Factors Influencing Fidelity to a Calorie Posting Policy in Public Hospitals: A Mixed Methods Study
C. Kerins; C. Kelly; C. M. Reardon; C. Houghton; E. Toomey; C. B. Hayes; F. Geaney; I. J. Perry; J. McSharry; S. McHugh
Year of publication
Front Public Health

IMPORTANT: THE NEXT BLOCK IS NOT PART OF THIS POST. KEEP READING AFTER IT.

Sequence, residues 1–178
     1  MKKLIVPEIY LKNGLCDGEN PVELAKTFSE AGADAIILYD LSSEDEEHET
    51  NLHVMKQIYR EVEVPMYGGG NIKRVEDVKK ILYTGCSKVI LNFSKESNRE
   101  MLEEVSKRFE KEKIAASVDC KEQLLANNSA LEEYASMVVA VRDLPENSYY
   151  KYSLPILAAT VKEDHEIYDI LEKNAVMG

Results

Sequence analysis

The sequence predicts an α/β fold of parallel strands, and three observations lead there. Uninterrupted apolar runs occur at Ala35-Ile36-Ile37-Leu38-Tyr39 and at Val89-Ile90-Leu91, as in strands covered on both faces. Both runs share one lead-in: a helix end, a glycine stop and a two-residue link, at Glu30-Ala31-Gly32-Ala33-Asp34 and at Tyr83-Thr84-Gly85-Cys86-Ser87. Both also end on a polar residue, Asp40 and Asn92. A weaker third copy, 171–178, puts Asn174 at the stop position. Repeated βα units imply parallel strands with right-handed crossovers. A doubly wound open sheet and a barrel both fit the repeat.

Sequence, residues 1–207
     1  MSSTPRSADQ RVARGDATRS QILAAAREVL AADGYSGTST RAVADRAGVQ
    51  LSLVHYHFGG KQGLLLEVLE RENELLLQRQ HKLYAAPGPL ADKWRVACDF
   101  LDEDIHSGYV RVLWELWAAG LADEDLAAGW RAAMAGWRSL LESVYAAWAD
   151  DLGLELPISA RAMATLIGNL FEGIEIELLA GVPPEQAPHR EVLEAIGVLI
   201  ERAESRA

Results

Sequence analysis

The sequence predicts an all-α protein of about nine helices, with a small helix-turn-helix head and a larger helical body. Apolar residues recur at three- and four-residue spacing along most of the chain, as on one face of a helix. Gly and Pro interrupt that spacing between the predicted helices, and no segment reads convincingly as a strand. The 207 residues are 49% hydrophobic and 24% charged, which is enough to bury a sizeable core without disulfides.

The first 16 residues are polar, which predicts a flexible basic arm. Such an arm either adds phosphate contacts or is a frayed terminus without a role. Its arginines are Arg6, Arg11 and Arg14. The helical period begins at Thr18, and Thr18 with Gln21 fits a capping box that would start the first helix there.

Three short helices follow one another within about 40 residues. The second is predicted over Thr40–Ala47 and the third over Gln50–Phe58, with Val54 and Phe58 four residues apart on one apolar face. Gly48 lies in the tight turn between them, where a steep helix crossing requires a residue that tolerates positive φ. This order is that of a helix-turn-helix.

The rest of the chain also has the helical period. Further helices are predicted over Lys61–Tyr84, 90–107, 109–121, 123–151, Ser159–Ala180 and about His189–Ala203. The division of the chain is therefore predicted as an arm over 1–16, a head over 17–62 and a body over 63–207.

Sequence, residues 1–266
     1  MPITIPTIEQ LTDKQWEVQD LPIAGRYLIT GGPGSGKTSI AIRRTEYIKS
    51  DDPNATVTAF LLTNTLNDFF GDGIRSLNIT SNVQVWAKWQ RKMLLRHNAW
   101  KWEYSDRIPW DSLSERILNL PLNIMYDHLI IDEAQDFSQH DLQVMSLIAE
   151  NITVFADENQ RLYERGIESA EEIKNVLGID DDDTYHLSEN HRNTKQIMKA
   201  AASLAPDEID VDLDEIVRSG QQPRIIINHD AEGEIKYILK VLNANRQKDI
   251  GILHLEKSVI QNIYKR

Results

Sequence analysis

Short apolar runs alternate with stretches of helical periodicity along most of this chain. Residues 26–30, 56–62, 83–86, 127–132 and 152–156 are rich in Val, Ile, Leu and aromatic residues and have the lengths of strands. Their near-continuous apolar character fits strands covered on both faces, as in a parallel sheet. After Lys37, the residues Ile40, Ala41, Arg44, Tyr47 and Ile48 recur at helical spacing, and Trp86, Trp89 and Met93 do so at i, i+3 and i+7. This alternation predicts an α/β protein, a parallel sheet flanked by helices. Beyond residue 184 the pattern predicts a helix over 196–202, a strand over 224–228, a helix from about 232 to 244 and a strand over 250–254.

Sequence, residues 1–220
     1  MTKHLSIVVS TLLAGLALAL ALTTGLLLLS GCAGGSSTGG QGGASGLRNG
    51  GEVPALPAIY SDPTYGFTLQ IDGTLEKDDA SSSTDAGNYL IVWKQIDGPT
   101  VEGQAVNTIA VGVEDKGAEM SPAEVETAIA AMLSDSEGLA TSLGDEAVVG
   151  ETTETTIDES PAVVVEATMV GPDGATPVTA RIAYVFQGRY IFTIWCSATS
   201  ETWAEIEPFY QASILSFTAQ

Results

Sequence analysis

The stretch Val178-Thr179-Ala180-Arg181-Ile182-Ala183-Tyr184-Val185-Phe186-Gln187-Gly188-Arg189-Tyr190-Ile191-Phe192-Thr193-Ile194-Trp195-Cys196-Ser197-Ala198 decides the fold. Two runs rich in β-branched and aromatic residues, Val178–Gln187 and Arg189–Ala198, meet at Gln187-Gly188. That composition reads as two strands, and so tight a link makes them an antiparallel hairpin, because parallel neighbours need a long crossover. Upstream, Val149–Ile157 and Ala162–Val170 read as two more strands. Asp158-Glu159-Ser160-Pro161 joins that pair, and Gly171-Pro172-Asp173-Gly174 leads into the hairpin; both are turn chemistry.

Background: Labelling menus with nutrition information has increasingly become an important obesity policy option. While much research to-date has focused on determining its effectiveness, few studies report the extent to which menu labelling is implemented as designed. The aim of this study was to explore factors influencing fidelity to a calorie posting policy in Irish acute public hospitals. Methods: A mixed methods sequential explanatory study design was employed, with a nested case study for the qualitative component. Quantitative data on implementation fidelity at hospitals were analysed first and informed case sampling in the follow-on qualitative phase. Maximum variation sampling was used to select four hospitals with high and low levels of implementation and variation in terms of geographic location, hospital size, complexity of care provided and hospital type. Data were collected using structured observations, unstructured non-participant observations and in-depth semi-structured interviews. The Consolidated Framework for Implementation Research guided qualitative data collection and analysis. Using framework analysis, factors influencing implementation were identified. A triangulation protocol was used to integrate fidelity findings from multiple sources. Data on influencing factors and fidelity were then combined using joint displays for within and cross-case analysis. Results: Quantitative fidelity data showed seven hospitals were categorised as low implementers and 28 hospitals were high implementers of the policy. Across the four hospitals selected as cases, qualitative analysis revealed factors influencing implementation and fidelity were multiple, and operated independently and in combination. Factors were related to the internal hospital environment (e.g., leadership support, access to knowledge and information, perceived importance of calorie posting implementation), external hospital environment (e.g., national policy, monitoring), features of the calorie posting policy (e.g., availability of supporting materials), and the implementation process (e.g., engaging relevant stakeholders). Integrated analysis of fidelity indicated a pattern of partial adherence to the calorie posting policy across the four hospitals. Across all hospitals, there was a consistent pattern of low adherence to calorie posting across all menu items on sale, low adherence to calorie information displayed per standard portion or per meal, low adherence to standardised recipes/portions, and inaccurate calorie information. Conclusion: Efforts to maximise fidelity require multi-level, multi-component strategies in order to reduce or mitigate barriers and to leverage facilitators. Future research should examine the relative importance of calorie posting determinants and the association between implementation strategies and shifts in fidelity to intervention core components.